while the group velocity is defined as the rate of change of angular frequency to the wave number

c =

For deep water waves, the dispersion relation yields

=

where g is the acceleration of gravity. In this case the relation between the wave speed and the group velocity becomes

c = c

In deep water the wave energy will propagates with half the wave speed of the individual waves

However, for waves that are long compared with the ocean dept., the wave propagation speed will be independent of the wave length. In this case the relation between group and wave velocity will be

c = c =

i.e. the wave energy will propagate with the same speed as the individual wave modes.

2.1.1 Swell

Definition: Swell is waves generated outside the area where they are observed.

Generally, wave energy enters the ocean as short waves and ripples. Through the process of non-linear interaction between the wave modes in the spectrum, the wave energy will be transferred to longer waves, finally ending up as long swells at the shore. The frictional dissipation of energy in long waves (the order of 100 m and more) is extremely small, and wave energy generated in one part of the ocean may easily travel across the world oceans, ending up as swells at the shore on a different continent. When considering such waves one must take into account how waves behave on a globe. Generally, deep water wave propagation on a sphere will be along a great circle path. If the wave length is comparable with the ocean depth, waves propagating over a sloping bottom will be bent toward shallow areas.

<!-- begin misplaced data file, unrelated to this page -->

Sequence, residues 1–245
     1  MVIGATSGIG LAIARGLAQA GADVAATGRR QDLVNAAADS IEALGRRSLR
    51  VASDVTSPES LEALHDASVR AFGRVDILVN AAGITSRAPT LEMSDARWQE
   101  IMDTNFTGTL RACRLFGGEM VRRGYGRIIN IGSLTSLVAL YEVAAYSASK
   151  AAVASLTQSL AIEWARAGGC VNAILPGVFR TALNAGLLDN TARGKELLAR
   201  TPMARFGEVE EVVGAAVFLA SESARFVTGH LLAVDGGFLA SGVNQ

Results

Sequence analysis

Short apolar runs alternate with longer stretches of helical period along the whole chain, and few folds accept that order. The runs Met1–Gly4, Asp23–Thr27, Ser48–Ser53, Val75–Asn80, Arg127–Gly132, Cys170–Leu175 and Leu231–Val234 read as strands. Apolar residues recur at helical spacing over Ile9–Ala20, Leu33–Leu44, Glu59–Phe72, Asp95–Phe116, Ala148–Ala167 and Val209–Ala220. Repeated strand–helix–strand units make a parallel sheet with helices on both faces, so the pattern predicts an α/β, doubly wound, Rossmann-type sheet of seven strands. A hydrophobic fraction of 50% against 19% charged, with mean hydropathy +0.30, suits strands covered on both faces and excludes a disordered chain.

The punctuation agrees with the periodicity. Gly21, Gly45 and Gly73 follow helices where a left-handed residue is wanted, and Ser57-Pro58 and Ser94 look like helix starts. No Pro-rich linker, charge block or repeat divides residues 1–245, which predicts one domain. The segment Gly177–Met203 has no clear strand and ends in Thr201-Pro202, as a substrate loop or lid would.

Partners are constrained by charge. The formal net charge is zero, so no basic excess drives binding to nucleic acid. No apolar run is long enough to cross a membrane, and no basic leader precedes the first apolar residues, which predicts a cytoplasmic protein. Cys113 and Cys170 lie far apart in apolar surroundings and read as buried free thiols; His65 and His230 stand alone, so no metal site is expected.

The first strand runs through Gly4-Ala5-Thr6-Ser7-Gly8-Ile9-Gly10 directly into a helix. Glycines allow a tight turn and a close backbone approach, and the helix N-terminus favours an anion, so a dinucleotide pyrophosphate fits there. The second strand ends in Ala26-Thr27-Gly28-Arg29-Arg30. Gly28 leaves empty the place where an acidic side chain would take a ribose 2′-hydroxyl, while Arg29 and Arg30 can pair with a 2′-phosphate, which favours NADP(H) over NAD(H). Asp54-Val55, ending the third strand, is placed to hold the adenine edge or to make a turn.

Long waves, compared to the ocean depth, will always be bent toward shallow areas when they propagate over a sloping bottom.

The modeling of swells propagating over large distances is difficult in numerical wave prediction models.

2.2 Conservation of wave energy

2.2.1 The wave energy spectrum

The main outcome of any wave prediction model is the energy spectrum. As mentioned, it is based upon the idea that the ocean surface could be represented by a series of harmonic functions with different angles and frequencies. As an example for one dimensional motion

Here, the mean wave energy in one single frequency interval df will in this case be

The spectral energy pr. Frequency interval is then defined as

and must be interpreted as the mean energy in one place (x,y) of a Fourier component with one particular frequency, propagating in one particular direction.